Egyptian antisemite welcome at the UN: "An Egyptian government minister who offered to burn Hebrew books could be elected tomorrow as the new head of Unesco despite fierce hostility from Jewish groups and unease among western governments. Farouk Hosni, 71, who has been Egypt’s Culture Minister for two decades, was confident that he could win outright in tomorrow’s first round of voting at the Paris headquarters of the United Nation’s cultural section. Until last spring, Mr Hosni was thought certain to succeed Koichiro Matsuura of Japan as director-general because of the feeling, shared in Washington and many EU capitals, that it was time for an Arab to lead Unesco for the first time since it was founded in 1945. Mr Hosni was thrown on the defensive when Jewish organisations and European intellectuals exposed what they said was a long record of “nauseating” anti-Semitic actions and statements. Chief among these was his response in the Cairo parliament last year to an Islamic fundamentalist MP who complained about Hebrew language books in the Alexandria Library. “If there are any there, I will myself burn them in front of you,” he said."
Taxpayer to fund Postal Service retirees: "“The House voted Tuesday to let the struggling U.S. Postal Service cover a budget shortfall by reducing its annual payment to a health care fund for retirees by $4 billion. Under current law, the Postal Service is required to transfer $5.4 billion to the Retiree Health Benefits Fund by Sept. 30, the end of the budget year. Postal officials have said they don’t have enough money to make the payment.”
MA: Health costs to rise again: "The state’s major health insurers plan to raise premiums by about 10 percent next year, prompting many employers to reduce benefits and shift additional costs to workers. Increases will range from 7 to 12 percent, capping a decade of consecutive double-digit premium increases, according to a Globe survey of the state’s top health insurers. Actual rates for 2010 will depend on the size of the employer and the type of coverage, with small businesses and individuals expected to be hit hardest. Overall, premiums are more than twice as high as they were 10 years ago. The higher insurance costs undermine a key tenet of the state’s landmark healthcare law passed two years ago, as well as President Obama’s effort to overhaul health care. In addition to mandating insurance for most residents, the Massachusetts bill sought to rein in healthcare costs.”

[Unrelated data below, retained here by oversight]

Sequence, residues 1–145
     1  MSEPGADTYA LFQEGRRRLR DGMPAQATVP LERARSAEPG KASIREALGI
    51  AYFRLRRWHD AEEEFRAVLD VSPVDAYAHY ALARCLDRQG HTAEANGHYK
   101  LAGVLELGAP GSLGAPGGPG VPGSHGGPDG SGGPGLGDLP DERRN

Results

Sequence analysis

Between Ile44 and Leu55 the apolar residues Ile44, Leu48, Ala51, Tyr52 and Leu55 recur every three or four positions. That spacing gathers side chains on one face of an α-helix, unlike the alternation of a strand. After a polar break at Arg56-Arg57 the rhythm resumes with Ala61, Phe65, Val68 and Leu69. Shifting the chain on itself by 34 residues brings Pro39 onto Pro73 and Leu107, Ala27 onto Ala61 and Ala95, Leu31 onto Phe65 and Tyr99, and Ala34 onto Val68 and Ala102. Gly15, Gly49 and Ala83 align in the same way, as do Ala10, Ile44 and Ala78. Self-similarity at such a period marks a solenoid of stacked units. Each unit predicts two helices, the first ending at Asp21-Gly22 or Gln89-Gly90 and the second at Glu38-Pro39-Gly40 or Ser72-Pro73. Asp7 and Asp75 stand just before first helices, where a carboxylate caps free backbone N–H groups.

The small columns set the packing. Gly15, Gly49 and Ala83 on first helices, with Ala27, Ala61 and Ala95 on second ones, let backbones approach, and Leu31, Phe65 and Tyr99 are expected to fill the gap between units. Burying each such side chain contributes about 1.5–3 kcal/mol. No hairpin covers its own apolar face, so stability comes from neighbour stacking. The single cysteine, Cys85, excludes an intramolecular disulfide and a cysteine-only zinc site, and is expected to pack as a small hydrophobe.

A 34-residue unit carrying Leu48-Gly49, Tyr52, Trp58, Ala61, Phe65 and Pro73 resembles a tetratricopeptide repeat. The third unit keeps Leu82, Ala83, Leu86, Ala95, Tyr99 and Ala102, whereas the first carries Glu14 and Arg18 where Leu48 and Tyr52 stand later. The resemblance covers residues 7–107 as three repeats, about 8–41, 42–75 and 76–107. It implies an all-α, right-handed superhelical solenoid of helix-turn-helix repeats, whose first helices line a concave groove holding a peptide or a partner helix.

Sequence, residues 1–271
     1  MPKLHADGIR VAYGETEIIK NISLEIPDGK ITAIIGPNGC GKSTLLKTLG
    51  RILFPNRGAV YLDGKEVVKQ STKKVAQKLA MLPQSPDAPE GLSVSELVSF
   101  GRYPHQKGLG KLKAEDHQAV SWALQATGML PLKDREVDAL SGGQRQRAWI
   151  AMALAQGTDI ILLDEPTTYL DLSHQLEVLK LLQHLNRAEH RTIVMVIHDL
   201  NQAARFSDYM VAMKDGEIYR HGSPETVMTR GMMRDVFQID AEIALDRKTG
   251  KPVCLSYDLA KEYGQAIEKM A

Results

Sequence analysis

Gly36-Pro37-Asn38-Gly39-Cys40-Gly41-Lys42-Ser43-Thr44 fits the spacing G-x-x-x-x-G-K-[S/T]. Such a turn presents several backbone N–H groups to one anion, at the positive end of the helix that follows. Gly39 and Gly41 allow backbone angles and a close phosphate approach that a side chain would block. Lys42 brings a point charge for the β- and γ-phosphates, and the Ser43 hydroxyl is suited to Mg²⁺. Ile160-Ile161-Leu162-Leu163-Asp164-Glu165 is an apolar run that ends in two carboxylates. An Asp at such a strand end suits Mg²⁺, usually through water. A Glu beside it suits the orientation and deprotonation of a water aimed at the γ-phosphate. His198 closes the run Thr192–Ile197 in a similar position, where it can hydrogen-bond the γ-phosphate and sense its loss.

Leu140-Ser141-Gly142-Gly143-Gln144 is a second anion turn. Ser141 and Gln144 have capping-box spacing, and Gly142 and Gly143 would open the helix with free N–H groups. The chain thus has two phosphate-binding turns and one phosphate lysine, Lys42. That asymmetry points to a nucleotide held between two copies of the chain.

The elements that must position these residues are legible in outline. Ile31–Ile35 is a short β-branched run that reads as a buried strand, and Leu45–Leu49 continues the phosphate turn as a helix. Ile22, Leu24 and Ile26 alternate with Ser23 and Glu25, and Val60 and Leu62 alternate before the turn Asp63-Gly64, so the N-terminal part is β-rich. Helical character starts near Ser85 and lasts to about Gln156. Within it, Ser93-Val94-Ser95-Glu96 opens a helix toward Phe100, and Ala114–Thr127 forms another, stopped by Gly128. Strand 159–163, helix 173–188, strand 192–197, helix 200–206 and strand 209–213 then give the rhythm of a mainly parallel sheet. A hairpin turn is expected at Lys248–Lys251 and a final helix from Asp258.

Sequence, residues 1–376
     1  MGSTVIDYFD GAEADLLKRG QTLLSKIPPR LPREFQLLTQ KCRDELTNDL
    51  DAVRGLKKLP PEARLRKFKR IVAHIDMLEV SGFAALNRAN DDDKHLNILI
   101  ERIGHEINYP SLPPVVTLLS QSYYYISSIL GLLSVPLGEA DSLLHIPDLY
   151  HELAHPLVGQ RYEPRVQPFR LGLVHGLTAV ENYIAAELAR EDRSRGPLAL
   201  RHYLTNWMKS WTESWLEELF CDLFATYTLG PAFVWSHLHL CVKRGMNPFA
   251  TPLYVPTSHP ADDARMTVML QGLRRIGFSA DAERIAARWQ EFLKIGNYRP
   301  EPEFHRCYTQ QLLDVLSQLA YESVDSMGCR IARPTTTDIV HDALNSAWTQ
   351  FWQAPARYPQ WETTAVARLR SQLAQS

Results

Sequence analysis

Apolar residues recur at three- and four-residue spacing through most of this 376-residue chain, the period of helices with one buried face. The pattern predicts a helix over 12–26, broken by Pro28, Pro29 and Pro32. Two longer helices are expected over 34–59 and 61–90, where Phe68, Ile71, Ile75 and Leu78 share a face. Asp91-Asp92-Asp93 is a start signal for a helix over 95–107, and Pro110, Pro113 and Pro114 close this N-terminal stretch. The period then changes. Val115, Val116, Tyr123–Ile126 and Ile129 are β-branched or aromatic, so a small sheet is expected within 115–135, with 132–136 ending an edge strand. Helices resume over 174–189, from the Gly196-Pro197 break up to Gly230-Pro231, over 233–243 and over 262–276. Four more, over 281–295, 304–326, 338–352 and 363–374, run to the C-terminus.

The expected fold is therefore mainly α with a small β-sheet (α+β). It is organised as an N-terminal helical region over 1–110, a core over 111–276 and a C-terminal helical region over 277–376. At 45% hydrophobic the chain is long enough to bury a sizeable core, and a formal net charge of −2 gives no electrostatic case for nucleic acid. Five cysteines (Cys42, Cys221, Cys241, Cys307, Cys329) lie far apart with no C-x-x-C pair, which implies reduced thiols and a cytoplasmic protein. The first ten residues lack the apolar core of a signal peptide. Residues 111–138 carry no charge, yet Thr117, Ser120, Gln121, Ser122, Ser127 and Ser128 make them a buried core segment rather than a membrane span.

Typical Leftist projection from Obama: "But people who live in glass houses shouldn’t throw stones. Calling Sarah Palin a liar was most unfortunate given the speech on health care Barack Obama gave last Wednesday night. In that speech, President Obama accused his critics of spreading ‘misinformation’ and ‘bogus claims,’ of ‘demagoguery and distortion,’ and of ’scare tactics’ instead of honest debate. But all of that was most prominently featured in his own speech.”
Spreading the wealth: "When Barack Obama said he wanted to ’spread the wealth around,’ he meant it. A new study from Robert Rector of the Heritage Foundation estimates that Obama’s policies would spend $10.3 trillion on welfare programs over the next decade. Obama started increasing welfare spending immediately after assuming office. The stimulus bill included $220 billion in new means-tested spending, including a little-noticed provision that repealed one of the key welfare reforms of the Clinton era. The 1996 Personal Responsibility and Work Opportunity Act capped welfare dollars to states, ending the perverse system that rewarded states for adding cases to their welfare rolls. The 2009 stimulus bill lifted the caps. Once again, states that add to their rolls qualify for more cash.”
Do not be a victim: "As I resumed my rather hectic schedule during the aftermath of the World Trade Center tragedy, two questions were asked of me more than any others during my travel. First, why would an airplane full of people allow a handful of men, armed only with box cutters, to take over the aircraft and fly in into one of the world’s tallest structures? And, what would have happened if only one or two of the passengers or crew members on those doomed flights had been armed for self-defense? Funny how one question kind of answers the other.”
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The Big Lie of the late 20th century was that Nazism was Rightist. It was in fact typical of the Leftism of its day. It was only to the Right of Stalin's Communism. The very word "Nazi" is a German abbreviation for "National Socialist" (Nationalsozialist) and the full name of Hitler's political party (translated) was "The National Socialist German Workers' Party" (In German: Nationalsozialistische Deutsche Arbeiterpartei)
Posted by JR at 12:35 AM